[ 367 Pa. Super. Page 257]

    award at issue was a contrary-to-law standard. On appeal, the appellee changed his position regarding the applicable standard of review, contending that a stricter standard governed. We ruled that the issue had been waived and reviewed the award under the contrary-to-law standard.

In this proceeding, Erie specifically argued to the trial court that the standard of review set forth in section 7302(d)(2) applied, and it cited the paragraph in its entirety. Brief of appellee, 9/2/86, at 3-4. Therefore, under McDonald, Erie's position that a different standard applies has been waived.

Accordingly, we can modify or correct this award if it was contrary to law and the court would have entered a different judgment had the award been a jury verdict. As the facts in this case are not in dispute, the arbitrators did nothing more than interpret the insurance policy. Interpretation of an insurance policy is a question of law, Utica Mutual Insurance Co. v. Contrisciane, 504 Pa. 328, 334, 473 A.2d 1005, 1008 (1984); see also Houston v. National Mutual Insurance Co., 358 Pa. Super. 618, 518 A.2d 311 (1986); Timbrook v. Foremost Insurance Co., 324 Pa. Super. 384, 388, 471 A.2d 891, 893 (1984) ("The construction of a written contract of insurance is a matter of law for the court."), and we do not agree with the arbitrators' interpretation of this policy.

We hold that the construction placed on the insurance contract by the arbitrators is contrary to both common sense and basic legal principles regarding the construction of insurance contracts. Before analyzing the award at issue, these principles require reiteration to provide a contextual background for the process of interpretation.

Policy clauses providing coverage are interpreted in a manner which affords the greatest possible protection to the insured. Mohn v. American Casualty Co., 458 Pa. 576, 326 A.2d 346 (1974); Burne v. Franklin Life Insurance Co., 451 Pa. 218, 301 A.2d 799 (1973); Eichelberger v. Warner, 290 Pa. Super. 269, 434 A.2d 747 (1981). The insured's reasonable expectations are the focal point in

[ 367 Pa. Super. Page 258]

    reading the contract language. Collister v. Nationwide Life Insurance Co., 479 Pa. 579, 388 A.2d 1346 (1978). In Collister, we were admonished:

Courts should be concerned with assuring that the insurance purchasing public's reasonable expectations are fulfilled. Thus, regardless of the ambiguity, or lack thereof, inherent in a given set of insurance documents . . . the public has a right to expect that they will receive something of comparable value in return for the premium paid.

Id., 479 Pa. at 594, 388 A.2d at 1353-54; accord State Automobile Insurance Ass'n v. Anderson, 365 Pa. Super. 85, 528 A.2d 1374 (1987); Huffman v. Aetna Life & Casualty Co., 337 Pa. Super. 274, 486 A.2d 1330 (1984).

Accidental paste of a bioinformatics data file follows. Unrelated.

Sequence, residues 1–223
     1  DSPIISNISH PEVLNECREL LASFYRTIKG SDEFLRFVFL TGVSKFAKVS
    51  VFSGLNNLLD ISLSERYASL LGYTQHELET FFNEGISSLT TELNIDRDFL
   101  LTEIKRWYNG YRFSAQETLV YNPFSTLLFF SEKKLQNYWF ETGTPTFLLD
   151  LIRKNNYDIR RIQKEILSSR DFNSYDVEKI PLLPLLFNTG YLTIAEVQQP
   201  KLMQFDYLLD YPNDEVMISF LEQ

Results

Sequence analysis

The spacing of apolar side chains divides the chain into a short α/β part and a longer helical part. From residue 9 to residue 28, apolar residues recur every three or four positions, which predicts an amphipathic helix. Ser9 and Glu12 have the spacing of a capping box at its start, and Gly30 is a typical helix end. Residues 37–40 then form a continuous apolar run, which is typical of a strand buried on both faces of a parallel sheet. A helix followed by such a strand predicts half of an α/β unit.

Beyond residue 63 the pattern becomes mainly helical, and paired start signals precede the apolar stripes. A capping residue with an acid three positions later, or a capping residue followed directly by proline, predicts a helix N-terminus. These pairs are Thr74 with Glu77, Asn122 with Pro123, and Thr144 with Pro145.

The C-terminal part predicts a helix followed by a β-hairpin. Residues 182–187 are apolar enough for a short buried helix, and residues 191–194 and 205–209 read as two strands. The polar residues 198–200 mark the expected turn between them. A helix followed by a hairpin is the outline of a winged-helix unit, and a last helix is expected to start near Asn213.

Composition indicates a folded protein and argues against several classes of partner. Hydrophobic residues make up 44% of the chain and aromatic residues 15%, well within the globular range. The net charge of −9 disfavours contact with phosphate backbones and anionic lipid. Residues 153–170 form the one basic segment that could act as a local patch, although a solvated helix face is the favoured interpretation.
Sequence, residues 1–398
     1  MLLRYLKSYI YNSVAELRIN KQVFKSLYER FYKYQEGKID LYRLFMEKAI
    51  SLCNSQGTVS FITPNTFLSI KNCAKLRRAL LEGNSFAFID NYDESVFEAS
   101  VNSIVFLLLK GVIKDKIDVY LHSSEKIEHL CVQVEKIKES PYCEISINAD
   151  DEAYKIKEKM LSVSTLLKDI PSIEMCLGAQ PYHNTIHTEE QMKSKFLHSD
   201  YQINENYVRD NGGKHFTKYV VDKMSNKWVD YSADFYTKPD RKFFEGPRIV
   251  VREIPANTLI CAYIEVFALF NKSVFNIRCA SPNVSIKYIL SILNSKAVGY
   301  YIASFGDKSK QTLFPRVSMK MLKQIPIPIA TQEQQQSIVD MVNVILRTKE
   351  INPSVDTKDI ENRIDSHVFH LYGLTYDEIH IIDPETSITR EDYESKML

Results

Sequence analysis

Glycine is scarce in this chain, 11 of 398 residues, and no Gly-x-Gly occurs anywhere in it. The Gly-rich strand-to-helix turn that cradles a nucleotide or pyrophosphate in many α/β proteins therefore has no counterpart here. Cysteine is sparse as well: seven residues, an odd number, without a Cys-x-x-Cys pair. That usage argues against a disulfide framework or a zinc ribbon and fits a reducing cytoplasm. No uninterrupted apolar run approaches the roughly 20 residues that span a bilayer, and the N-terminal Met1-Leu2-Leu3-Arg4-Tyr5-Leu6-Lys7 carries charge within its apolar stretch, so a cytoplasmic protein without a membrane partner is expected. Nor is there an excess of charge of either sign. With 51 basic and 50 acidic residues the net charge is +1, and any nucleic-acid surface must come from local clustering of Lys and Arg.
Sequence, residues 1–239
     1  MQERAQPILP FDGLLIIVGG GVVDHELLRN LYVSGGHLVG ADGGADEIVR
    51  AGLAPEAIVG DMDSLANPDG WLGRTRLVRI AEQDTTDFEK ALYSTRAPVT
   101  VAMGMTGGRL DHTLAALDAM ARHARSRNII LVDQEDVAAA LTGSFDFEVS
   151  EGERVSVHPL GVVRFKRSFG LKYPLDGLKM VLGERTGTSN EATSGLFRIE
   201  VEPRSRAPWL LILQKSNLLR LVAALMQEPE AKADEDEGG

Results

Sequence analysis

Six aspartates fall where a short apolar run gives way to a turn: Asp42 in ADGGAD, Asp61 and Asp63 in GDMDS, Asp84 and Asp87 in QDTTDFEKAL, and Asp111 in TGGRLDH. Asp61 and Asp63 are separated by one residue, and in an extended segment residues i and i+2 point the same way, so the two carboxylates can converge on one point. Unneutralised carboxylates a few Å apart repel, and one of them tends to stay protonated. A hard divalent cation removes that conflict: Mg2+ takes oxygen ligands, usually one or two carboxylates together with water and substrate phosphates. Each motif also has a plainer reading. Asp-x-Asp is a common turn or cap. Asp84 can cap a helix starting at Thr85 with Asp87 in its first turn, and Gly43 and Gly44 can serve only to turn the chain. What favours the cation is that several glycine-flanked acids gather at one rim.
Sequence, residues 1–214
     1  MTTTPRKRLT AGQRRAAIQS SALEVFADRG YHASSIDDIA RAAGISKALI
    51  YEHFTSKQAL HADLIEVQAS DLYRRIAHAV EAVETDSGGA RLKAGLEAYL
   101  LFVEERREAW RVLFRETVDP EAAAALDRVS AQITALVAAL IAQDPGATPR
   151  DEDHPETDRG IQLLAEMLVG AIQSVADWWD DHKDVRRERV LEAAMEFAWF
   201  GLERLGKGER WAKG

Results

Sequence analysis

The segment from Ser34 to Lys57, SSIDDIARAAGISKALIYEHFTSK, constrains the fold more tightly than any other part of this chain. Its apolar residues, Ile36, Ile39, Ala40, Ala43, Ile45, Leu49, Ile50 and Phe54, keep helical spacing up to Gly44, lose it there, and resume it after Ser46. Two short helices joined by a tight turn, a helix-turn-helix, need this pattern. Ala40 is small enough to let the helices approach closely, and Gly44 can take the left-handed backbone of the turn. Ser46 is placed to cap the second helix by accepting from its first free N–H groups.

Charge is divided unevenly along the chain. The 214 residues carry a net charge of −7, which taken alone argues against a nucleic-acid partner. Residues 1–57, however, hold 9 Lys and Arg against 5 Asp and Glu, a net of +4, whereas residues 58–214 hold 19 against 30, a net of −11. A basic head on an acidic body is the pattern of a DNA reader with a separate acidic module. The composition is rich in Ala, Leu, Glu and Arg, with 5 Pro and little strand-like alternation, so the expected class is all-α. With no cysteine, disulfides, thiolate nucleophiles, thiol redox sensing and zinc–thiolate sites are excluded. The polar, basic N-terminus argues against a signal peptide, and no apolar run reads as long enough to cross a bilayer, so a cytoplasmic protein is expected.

Moreover, the language of an insurance contract should be given its ordinary and usual meaning unless it is clear that some other meaning was intended by the parties. Sparler v. Fireman's Insurance Co., 360 Pa. Super. 597, 607 n. 1, 521 A.2d 433, 438 n. 1 (1987). Thus, clear meaning of language cannot be ignored by the judiciary. Guardian Life Insurance Co. v. Zerance, 505 Pa. 345, 479 A.2d 949 (1984).

If, however, the language is contextually or otherwise ambiguous, the insured receives the benefit of the doubt, and the policy language is construed in his favor. D'Allessandro v. Durham Life Insurance Co., 503 Pa. 33, 467 A.2d 1303 (1983); Musisko v. Equitable Life Assurance Society, 344 Pa. Super. 101, 496 A.2d 28 (1985). This is so because:

[W]ords which are unambiguous in one context may become susceptible to more than one interpretation when applied to a particular set of facts, it is incumbent upon the insurance company, as draftor of the policy, to delineate as precisely as possible the full extent of coverage or bear the consequence for failing to do so.

Techalloy Co. v. Reliance Insurance Co., 338 Pa. Super. 1, 7, 487 A.2d 820, 823-24 (1984).

The arbitrators in this case determined that the Jeep was not a motor vehicle since it was principally used for

[ 367 Pa. Super. Page 259]

    off-road activities. This, however, is not determinative of whether the Jeep was a motor vehicle within the meaning of the policy, which defines motor vehicle as " any two to six wheel land motor vehicle except . . . a vehicle designed for use principally off public roads." Appellants did not design the Jeep, the manufacturer designed it. This policy language clearly defines "motor vehicle" not by reference to the actual use of the vehicle, but by the use for which the vehicle was designed.